The Statistic I'd Like to See
In personal conversations and in the media, the U.S. government has been criticized for not offering more aid quicker. After their initial pledge of $35 million, Democracy Now! compared that to just four hours of fighting the Iraq war. Colin Powell pointed out that the $35 million was just the first of many checks the government would give to tsunami victims. Currently, the gov't's pledged $350 million, but was one-upped by Japan pledging $500 million.
I think that touting just the amount that governments pledged is misleading. Usually, the comparisons leave the impression that the U.S. isn't doing its fair share as the world super power, or at least that it's not as generous as other countries. But this ignores the contributions of private businesses and individuals. Democracy Now!'s comparision was especially inappropriate since the government is the sole entity that is legally allowed to wage war, whereas many entities may donate money to relief efforts.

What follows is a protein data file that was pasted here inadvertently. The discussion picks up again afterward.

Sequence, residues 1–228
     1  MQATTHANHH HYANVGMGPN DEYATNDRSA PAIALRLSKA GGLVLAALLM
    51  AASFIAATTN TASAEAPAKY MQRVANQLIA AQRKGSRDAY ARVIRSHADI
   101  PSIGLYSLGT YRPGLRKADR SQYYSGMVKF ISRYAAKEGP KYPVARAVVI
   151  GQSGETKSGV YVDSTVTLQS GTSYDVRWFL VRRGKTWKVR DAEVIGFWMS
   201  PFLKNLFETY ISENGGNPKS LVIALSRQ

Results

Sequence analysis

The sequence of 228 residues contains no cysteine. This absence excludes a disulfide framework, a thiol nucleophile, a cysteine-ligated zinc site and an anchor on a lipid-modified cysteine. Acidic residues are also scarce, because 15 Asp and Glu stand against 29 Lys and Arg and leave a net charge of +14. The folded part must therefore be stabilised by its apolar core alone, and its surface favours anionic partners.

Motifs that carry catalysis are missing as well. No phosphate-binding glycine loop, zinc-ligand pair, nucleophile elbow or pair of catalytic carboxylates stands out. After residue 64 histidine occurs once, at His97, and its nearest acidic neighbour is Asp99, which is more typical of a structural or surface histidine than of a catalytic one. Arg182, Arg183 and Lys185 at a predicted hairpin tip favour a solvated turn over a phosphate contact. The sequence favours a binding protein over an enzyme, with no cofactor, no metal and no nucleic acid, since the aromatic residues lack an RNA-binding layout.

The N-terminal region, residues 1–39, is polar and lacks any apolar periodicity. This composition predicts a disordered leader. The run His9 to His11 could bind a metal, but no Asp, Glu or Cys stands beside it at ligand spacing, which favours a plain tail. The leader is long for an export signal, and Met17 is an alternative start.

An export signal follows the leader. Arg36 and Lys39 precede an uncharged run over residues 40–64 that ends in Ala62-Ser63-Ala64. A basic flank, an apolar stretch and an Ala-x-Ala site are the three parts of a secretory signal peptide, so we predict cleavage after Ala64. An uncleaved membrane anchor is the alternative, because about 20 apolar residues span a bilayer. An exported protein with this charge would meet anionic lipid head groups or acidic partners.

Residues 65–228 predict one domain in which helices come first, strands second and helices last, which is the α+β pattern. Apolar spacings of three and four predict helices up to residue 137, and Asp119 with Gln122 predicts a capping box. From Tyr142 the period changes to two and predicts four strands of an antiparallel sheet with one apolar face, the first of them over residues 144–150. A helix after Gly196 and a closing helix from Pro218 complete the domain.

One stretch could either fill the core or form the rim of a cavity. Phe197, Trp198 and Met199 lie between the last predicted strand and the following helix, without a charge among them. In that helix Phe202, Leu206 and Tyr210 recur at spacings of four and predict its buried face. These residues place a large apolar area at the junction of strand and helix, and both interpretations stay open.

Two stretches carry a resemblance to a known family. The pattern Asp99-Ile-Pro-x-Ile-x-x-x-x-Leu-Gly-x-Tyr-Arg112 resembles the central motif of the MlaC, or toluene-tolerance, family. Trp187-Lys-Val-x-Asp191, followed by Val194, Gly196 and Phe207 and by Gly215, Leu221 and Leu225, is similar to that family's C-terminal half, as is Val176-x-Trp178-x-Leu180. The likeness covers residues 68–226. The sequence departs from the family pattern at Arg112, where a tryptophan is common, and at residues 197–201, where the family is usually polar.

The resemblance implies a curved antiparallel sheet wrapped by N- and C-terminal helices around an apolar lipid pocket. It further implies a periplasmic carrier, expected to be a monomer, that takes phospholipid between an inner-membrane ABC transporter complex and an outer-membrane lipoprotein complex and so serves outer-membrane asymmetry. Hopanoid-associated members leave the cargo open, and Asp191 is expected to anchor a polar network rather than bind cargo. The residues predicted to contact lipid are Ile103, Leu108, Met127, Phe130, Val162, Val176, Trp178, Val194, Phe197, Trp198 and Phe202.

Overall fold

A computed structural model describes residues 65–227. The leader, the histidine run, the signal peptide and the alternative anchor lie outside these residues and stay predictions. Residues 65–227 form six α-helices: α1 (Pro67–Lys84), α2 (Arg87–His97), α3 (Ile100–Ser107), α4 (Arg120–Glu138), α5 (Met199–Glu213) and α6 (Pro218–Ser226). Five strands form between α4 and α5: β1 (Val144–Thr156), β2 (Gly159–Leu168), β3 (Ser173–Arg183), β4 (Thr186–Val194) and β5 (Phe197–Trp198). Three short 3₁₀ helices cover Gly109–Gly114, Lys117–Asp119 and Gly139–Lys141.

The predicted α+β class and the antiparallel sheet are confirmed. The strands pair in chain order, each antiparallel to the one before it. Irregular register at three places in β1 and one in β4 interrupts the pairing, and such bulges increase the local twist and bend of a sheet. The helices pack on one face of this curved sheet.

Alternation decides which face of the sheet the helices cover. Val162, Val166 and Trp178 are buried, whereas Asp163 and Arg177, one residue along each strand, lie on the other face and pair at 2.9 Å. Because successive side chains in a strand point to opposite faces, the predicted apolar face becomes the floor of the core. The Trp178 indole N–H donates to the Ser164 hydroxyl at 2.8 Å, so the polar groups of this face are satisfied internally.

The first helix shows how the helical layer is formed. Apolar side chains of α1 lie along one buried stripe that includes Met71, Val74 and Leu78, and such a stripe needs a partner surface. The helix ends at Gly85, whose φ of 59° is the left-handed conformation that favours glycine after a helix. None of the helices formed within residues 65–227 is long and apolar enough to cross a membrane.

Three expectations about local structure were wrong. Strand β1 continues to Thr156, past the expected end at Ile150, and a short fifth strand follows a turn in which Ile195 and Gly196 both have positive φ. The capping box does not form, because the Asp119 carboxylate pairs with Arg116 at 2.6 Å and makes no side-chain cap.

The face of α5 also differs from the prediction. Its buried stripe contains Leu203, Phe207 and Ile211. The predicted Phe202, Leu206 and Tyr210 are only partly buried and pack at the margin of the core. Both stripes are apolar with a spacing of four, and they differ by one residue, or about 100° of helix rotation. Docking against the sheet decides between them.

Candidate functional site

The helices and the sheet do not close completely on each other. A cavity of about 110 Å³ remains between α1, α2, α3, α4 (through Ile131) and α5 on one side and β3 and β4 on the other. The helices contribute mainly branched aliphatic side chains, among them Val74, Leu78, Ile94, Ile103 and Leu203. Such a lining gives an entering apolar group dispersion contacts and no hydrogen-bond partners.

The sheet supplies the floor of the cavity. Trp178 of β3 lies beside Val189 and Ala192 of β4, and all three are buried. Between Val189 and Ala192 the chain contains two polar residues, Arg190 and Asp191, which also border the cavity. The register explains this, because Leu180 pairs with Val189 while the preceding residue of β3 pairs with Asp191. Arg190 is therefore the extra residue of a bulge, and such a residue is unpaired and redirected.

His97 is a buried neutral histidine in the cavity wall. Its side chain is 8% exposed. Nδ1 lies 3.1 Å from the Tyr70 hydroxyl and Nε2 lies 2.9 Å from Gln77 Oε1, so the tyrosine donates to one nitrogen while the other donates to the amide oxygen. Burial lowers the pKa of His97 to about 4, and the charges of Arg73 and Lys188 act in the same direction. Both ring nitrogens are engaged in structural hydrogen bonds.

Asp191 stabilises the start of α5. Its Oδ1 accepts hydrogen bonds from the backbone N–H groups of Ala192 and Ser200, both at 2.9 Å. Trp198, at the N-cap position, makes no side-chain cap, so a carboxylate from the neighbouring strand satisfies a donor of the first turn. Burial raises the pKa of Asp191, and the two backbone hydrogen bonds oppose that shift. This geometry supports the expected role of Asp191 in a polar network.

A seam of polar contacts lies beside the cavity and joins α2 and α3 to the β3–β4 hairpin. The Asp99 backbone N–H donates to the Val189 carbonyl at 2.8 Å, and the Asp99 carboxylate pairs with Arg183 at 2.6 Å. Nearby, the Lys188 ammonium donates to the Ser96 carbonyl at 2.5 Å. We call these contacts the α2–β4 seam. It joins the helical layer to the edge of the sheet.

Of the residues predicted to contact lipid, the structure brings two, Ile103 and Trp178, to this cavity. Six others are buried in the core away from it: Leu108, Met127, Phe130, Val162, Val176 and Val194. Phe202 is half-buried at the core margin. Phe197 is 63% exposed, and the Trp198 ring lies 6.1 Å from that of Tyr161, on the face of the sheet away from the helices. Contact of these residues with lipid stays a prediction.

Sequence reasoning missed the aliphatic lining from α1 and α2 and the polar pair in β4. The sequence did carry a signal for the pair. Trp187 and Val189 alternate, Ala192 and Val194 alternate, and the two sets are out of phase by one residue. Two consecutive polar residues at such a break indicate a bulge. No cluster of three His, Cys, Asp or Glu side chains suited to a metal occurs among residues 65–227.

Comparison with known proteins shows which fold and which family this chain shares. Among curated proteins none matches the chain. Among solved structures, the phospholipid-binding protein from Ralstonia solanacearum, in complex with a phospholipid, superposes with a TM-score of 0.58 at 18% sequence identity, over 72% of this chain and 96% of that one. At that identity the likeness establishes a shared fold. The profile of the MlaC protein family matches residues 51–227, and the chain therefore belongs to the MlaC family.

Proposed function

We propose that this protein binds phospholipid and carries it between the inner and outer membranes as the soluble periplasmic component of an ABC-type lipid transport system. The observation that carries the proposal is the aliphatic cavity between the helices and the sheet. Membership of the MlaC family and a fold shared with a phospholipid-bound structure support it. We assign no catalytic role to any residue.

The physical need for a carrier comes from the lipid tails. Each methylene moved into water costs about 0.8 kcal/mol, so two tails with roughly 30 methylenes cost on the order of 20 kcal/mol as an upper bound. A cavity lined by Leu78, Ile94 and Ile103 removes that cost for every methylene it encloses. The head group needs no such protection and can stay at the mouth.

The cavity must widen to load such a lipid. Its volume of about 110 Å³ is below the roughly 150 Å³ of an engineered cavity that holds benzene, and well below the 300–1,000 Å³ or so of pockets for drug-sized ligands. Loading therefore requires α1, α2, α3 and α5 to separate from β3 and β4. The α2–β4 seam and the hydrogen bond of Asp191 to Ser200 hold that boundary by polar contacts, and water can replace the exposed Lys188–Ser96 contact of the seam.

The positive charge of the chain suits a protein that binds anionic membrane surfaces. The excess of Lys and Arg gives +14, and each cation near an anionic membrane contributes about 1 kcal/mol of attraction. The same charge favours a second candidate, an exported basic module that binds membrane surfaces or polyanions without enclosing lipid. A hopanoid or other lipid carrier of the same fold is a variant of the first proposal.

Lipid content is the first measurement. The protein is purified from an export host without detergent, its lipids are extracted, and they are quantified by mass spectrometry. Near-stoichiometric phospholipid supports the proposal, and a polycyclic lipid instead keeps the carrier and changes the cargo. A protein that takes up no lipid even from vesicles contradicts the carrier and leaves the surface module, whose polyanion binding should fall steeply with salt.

Rather than comparing the U.S. gov't's pledge to Japan's, a better comparison would the the sum of U.S. citizens', businesses', non-profits', and government's pledges to the sum of other countries.
I don't think tablulating such statistics would be difficult. I've seen numbers of total aid pledged (around $2 billion so far), and it shouldn't be hard to break that down by country. Such a tally would be a more accurate reflection of a nation's total contribution.
Update: The Economist had exactly these figures in their January 6 issue. If you subscribe, you can access the article here. In total, the US still trailed behind Australia, the EU, and Germany.
Update 2: The Economist has an update table, which puts the US in the number 2 spot in terms of government plus private donations, behind Australia. Private donations from the US are greater than any other country. Germany is second in private donations, and Britian is third.